ITIN - US Individual Taxpayer Identification Number
A taxpayer who files a return, a statement or other document with the Internal Revenue Service (IRS) or is subject to US withholding requirements by a third party must include a taxpayer identification number (TIN) for securing proper identification. A TIN can be either a Social Security number (SSN) or an individual taxpayer identification number (ITIN). An ITIN is issued to individuals who have US tax reporting or filing requirements and are ineligible to obtain a SSN. An ITIN is arranged the same as a SSN, begins with a 9, is issued by the Internal Revenue Service and is used for tax processing.
The requirement to have an SSN or an ITIN includes income, gift and estate tax returns, amended returns or refund claims, and this extends to a spouse who is filing a joint return or a spouse or other person claimed as a dependent on another person’s return.
Individuals apply for an ITIN by submitting Form W-7, Application for IRS Individual Taxpayer Identification Number. The application must include documentary evidence to establish proof of identity and proof of foreign status (passport, birth certificate, work permit, etc.). The documentation must be original; copies are not accepted.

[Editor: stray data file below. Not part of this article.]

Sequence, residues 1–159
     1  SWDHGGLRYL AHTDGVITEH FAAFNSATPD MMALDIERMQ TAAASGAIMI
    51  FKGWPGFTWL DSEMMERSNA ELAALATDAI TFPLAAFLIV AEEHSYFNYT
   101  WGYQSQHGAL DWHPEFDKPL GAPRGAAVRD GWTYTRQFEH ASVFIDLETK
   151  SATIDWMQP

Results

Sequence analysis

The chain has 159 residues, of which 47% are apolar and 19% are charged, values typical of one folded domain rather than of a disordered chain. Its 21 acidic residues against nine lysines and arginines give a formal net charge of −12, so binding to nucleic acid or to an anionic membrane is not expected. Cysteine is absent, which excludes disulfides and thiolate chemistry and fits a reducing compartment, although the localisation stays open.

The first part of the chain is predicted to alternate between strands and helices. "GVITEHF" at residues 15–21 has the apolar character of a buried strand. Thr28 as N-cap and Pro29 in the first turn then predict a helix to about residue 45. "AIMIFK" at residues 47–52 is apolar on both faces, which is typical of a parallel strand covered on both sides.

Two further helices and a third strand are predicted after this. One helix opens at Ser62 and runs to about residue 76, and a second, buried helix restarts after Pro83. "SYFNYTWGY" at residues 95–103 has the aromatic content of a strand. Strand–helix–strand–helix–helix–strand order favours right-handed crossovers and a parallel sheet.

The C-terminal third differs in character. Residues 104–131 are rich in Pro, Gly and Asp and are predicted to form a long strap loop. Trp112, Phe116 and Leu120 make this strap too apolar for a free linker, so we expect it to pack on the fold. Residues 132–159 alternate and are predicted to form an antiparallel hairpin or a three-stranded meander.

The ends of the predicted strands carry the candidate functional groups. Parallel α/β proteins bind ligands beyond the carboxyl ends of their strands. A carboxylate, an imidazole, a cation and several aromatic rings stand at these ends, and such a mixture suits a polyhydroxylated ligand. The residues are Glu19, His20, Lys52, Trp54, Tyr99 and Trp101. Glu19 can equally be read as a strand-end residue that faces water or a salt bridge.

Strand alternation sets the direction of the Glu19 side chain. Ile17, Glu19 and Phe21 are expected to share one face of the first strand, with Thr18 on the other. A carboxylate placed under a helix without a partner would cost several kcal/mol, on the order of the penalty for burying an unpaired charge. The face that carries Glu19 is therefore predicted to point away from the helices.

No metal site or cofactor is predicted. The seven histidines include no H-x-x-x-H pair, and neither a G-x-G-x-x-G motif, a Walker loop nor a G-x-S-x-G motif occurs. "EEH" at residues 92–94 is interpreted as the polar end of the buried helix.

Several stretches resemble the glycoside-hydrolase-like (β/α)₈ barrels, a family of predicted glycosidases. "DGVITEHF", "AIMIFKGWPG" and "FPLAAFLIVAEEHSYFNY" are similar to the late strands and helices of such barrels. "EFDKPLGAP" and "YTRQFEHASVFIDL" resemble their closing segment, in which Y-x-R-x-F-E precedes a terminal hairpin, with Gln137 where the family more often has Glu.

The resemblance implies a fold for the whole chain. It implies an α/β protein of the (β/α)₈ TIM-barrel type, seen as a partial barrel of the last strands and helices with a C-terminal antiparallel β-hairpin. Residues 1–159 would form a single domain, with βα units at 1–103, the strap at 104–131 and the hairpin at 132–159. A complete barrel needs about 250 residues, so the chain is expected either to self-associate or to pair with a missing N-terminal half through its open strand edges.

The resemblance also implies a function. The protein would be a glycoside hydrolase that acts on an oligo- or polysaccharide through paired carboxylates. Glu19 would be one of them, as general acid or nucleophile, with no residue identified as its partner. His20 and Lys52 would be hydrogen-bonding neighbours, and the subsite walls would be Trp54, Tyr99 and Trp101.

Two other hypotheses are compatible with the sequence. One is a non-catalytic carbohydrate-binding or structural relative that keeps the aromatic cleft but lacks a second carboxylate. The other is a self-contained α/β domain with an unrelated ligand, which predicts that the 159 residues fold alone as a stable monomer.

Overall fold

As an alternative to mailing to the IRS original documents, foreign nationals may request ITINs through an IRS certified acceptance agent (CAA). CAAs verify and certify the authenticity of an individual’s status and identity. In this case, only the completed W-7 form and a certification statement are forwarded to the IRS.
Pursuant to the 2013 ITIN Application Rules, ITINs expire after five years. Individuals who still need ITINs would have to reapply at the end of each five-year period.
Bazar McBean LLP provides certified acceptance agent services to individual clients who need to obtain ITINs.